Microsoft released a patch Dec. 17 for a zero-day vulnerability affecting Internet Explorer that has been making headlines recently.
The vulnerability, which affects every version from IE 5 to IE 8 Beta 2, lies in the browser’s data binding function. According to Microsoft, when data binding is enabled-which it is by default-it is possible under certain conditions for an object to be released without updating the array length. This makes it possible to access the deleted object’s memory space and cause the browser to exit unexpectedly in a state that is exploitable.
An attacker can exploit the vulnerability via a specially crafted Web page. An attacker who successfully exploited this vulnerability could gain the same user rights as the logged-on user, according to the Microsoft advisory.
“This out-of-band security update is not cumulative,” Microsoft officials stated in the advisory. “To be fully protected, customers should apply this update after applying the most recent cumulative security update for Internet Explorer. This update, MS08-078, will be included in a future cumulative security update for Internet Explorer.”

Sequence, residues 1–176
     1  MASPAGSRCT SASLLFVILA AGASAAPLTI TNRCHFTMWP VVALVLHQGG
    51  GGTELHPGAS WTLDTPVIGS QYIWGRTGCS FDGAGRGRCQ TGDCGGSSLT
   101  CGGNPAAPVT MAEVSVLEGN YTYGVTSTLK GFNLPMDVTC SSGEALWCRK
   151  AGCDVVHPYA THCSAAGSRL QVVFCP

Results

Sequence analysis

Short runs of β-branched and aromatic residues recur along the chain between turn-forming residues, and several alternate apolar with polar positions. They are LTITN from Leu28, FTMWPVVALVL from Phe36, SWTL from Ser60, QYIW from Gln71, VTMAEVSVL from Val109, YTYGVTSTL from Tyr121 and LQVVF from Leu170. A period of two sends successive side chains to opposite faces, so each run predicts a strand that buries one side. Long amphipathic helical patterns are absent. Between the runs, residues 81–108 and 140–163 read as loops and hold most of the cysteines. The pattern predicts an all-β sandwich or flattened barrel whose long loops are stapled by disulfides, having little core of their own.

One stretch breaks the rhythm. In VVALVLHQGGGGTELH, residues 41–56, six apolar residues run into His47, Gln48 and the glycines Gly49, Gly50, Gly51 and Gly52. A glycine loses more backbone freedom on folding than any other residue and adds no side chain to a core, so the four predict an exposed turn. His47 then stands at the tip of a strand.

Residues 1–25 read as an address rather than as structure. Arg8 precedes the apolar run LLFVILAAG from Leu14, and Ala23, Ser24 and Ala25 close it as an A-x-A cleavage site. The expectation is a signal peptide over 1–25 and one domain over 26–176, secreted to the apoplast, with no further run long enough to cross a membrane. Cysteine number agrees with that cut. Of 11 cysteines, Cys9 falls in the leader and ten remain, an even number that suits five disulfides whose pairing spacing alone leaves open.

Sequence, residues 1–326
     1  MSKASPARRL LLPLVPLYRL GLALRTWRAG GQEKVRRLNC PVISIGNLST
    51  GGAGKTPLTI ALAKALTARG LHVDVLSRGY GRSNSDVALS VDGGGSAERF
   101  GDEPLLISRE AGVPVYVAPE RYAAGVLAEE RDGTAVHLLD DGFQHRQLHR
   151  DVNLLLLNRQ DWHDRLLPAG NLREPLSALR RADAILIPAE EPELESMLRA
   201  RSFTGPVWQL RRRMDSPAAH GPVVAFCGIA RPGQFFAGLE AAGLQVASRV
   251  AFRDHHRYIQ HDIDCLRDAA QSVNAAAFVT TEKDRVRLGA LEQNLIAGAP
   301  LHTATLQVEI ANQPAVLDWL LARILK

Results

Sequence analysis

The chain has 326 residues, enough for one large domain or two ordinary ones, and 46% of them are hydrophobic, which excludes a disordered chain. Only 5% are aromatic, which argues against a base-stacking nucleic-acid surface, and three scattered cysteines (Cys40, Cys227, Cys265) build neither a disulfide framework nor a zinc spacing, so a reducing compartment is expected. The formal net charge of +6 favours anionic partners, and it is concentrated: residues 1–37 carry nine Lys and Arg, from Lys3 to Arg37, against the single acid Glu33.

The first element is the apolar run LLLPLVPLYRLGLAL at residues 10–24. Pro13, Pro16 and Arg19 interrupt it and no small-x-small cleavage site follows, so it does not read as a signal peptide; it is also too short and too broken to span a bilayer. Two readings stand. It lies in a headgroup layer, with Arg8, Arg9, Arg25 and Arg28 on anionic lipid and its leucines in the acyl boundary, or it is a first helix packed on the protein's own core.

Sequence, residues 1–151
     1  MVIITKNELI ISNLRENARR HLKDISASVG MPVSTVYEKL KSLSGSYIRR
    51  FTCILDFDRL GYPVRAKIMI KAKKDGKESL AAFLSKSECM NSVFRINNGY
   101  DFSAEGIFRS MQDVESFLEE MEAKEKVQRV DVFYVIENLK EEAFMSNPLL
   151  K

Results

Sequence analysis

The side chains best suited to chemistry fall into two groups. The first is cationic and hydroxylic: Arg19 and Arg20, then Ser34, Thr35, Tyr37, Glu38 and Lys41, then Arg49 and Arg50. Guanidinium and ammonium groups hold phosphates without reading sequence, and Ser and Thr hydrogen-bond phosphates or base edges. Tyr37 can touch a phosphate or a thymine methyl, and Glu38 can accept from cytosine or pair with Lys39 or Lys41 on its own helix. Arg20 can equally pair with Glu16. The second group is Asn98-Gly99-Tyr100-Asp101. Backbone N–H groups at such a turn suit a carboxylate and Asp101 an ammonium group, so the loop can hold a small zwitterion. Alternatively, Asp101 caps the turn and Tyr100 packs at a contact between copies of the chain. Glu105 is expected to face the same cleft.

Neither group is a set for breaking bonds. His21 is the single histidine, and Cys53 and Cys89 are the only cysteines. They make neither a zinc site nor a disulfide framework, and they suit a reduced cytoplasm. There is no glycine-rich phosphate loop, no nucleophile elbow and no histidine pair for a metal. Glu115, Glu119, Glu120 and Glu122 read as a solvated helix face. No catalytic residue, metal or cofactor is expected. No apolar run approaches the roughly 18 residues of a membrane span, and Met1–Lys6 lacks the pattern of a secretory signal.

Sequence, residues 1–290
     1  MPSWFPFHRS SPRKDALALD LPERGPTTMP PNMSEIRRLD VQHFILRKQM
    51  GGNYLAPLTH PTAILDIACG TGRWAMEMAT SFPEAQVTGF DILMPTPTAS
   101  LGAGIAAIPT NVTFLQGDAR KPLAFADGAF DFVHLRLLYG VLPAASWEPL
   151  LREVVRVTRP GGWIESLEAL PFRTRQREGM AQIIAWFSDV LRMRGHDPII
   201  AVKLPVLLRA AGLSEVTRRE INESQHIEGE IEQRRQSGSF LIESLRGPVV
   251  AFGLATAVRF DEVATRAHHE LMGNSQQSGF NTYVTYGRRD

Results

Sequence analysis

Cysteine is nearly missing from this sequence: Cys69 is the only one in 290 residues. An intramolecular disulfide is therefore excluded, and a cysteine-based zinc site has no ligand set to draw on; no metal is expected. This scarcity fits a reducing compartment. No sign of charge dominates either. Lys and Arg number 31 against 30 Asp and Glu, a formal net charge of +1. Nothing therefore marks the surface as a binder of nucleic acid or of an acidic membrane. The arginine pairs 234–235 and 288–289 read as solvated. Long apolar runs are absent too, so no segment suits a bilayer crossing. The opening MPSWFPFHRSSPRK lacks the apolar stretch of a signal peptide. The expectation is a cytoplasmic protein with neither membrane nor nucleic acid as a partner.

Reports of attacks targeting the vulnerability began to surface the week of Dec. 8, and over the weekend, hackers were found to be compromising legitimate Web sites as part of their efforts to infect vulnerable users. McAfee reported Dec. 17 that a number of variants of the exploit are circulating, including one that uses malicious Word document files.
For those who cannot quickly deploy the patch, Microsoft has made information available about a number of workarounds and mitigations, including restricting Internet Explorer from using OLEDB32.dll with an Integrity Level ACL and disabling X M L Island functionality.